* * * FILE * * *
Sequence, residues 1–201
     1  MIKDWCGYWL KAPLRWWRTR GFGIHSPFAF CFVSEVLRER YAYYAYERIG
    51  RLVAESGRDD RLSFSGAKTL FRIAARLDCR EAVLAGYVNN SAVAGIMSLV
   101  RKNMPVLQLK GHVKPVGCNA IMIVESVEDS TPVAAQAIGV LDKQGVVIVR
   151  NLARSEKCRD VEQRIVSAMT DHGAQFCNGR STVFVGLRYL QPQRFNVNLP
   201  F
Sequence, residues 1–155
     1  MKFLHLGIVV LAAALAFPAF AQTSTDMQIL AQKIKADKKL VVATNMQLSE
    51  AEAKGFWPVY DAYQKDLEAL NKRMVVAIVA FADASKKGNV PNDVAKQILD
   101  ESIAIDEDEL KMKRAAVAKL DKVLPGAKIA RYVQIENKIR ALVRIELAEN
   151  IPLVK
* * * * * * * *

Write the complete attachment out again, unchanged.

Sequence, residues 1–201
     1  MIKDWCGYWL KAPLRWWRTR GFGIHSPFAF CFVSEVLRER YAYYAYERIG
    51  RLVAESGRDD RLSFSGAKTL FRIAARLDCR EAVLAGYVNN SAVAGIMSLV
   101  RKNMPVLQLK GHVKPVGCNA IMIVESVEDS TPVAAQAIGV LDKQGVVIVR
   151  NLARSEKCRD VEQRIVSAMT DHGAQFCNGR STVFVGLRYL QPQRFNVNLP
   201  F
Sequence, residues 1–155
     1  MKFLHLGIVV LAAALAFPAF AQTSTDMQIL AQKIKADKKL VVATNMQLSE
    51  AEAKGFWPVY DAYQKDLEAL NKRMVVAIVA FADASKKGNV PNDVAKQILD
   101  ESIAIDEDEL KMKRAAVAKL DKVLPGAKIA RYVQIENKIR ALVRIELAEN
   151  IPLVK